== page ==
Daniel Ransom is Librarian for Research and Electronic Resources at the Holy Names University Paul J. Cushing Library in Oakland, California. Daniel has been an ACRL member since 2011, is a 2014 ALA Emerging Leader, and your ACRL member of the week for April 28, 2014.
1. Describe yourself in three words: Tall, verbose, outgoing.
2. What are you currently reading? Recently I picked up The Silk Road: A New History by Yale professor Valerie Hansen. I’m interested in library history, and there’s a chapter on the Dunhuang Caves in Western China, which contained thousands of scrolls and one of the world’s oldest printed books, the Diamond Sutra. Most of the contents dated back over a millennia. I’ve also been skimming through Game Design: How to Create Video and Tabletop Games, Start to Finish by Lewis Pulsipher, since I’m interested in ways to gamify library instruction and thought I might discover a few ideas. My last fiction was Michael Chabon’s Yiddish Policeman’s Union, which I really liked.
3. Describe ACRL in three words: Helpful, collaborative, insightful.
4. What do you value about ACRL? ACRL delivers for me. I have learned so much from its conferences and publications, and most importantly I’ve made great connections with other librarians. ACRL members are interested in sharing the best ideas and in providing each other inspiration, so that that we can implement new approaches at our own institutions. I’m still a relative newcomer to librarianship, but I’ve been welcomed with open arms and my own thoughts and opinions are valued.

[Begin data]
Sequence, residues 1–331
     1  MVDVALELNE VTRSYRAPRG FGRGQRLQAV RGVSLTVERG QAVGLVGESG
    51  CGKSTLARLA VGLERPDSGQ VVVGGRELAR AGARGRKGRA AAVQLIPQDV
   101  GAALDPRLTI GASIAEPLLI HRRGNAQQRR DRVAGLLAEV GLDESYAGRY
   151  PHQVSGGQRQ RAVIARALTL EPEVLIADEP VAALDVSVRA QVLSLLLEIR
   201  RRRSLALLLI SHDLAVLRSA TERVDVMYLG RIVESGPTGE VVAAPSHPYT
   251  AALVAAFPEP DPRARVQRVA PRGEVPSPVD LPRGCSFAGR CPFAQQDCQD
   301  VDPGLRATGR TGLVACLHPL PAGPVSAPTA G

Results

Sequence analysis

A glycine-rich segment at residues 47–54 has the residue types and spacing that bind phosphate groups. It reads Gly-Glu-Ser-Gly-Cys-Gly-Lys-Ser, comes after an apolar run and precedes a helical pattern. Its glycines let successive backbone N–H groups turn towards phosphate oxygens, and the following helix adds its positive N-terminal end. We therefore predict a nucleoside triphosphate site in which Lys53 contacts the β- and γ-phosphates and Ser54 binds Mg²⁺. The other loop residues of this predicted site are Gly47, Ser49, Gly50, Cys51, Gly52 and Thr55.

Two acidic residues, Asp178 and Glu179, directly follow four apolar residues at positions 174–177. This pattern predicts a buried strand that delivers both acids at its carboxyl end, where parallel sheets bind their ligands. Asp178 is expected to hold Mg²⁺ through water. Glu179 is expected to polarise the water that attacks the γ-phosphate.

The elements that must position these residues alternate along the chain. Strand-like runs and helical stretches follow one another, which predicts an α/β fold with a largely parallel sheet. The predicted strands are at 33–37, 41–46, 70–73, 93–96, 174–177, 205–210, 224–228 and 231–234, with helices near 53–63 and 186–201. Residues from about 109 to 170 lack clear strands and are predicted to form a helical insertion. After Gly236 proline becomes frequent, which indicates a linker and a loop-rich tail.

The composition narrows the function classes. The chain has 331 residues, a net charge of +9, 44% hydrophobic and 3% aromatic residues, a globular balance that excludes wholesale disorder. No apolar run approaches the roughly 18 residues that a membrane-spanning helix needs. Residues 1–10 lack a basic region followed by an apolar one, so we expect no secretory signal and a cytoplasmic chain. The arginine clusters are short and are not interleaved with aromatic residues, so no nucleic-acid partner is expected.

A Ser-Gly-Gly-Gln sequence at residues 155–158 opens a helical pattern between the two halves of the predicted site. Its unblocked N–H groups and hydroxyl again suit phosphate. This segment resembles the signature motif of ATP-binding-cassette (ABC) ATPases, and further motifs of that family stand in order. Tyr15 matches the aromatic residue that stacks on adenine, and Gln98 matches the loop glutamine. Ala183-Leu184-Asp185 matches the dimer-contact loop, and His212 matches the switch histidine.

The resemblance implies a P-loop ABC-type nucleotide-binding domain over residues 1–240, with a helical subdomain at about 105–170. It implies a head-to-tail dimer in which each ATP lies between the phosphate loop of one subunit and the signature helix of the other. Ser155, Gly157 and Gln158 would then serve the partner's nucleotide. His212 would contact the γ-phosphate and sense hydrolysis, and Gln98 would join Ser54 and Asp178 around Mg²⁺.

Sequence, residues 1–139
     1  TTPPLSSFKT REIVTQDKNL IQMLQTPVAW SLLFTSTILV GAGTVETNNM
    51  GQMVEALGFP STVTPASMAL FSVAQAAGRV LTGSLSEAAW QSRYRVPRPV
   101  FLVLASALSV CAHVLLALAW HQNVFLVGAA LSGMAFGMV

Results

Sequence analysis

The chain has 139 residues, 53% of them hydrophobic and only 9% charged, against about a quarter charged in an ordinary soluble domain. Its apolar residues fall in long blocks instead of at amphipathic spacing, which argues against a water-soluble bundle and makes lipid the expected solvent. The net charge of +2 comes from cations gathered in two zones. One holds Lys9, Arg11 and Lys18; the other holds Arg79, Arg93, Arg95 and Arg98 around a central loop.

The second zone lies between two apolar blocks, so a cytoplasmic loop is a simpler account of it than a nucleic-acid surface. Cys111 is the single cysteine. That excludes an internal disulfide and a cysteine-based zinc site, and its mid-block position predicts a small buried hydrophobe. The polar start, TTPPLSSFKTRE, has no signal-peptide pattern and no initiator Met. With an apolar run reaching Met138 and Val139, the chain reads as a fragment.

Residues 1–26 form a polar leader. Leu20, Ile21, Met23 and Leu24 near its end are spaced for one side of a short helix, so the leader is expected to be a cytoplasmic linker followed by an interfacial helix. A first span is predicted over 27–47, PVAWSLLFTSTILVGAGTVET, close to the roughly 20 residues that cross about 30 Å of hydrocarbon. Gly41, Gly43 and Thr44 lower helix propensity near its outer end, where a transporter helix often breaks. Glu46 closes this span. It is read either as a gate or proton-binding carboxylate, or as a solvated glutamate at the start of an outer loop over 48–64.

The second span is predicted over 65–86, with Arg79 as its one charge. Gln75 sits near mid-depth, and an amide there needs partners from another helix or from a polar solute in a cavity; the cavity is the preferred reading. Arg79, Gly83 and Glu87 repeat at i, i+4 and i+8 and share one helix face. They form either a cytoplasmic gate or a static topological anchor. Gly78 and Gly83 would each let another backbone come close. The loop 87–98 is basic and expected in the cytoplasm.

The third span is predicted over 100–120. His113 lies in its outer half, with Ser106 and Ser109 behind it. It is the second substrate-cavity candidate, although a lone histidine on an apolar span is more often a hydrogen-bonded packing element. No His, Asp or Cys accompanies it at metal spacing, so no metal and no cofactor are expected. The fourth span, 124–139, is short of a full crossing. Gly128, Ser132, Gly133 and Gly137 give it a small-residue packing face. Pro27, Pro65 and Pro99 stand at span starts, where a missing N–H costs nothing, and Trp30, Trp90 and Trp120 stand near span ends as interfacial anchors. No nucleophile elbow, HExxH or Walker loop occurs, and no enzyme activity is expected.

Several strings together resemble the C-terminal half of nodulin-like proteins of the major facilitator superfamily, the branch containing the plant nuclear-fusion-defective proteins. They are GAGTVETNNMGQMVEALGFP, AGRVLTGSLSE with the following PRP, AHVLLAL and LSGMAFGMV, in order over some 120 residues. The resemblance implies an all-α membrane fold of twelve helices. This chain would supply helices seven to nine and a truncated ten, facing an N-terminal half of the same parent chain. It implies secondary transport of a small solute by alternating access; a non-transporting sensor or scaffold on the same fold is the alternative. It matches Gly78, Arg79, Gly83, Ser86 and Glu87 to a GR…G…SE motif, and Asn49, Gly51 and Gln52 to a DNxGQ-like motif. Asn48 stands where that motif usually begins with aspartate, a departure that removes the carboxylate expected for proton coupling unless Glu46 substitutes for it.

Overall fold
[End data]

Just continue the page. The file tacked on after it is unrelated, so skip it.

5. What do you, as an academic librarian, contribute to your campus? I work for a small college, so I get to wear many hats. I spend a lot of time with students, either in front of classes or working one-on-one at our research help desk. I also get to help manage our collection, both in the online resources we license and print book purchasing within my liaison areas. I also perform a lot of outreach with faculty, and that’s a great aspect of my job: I learn so much about our students and their needs from even informal discussions with our professors, and I can use that knowledge to improve our instructional strategies.
6. In your own words: Being a reference and instruction librarian (plus Jack of many other trades) is the best of all worlds for me. I love helping students and I value whatever contribution I can make to their success. Sometimes the library is loud, and sometimes it’s quiet, but the best moments are when there’s a little hum in the air; students are coming in and out, work is getting done, questions are being asked, everyone is busy, but everyone is focused.
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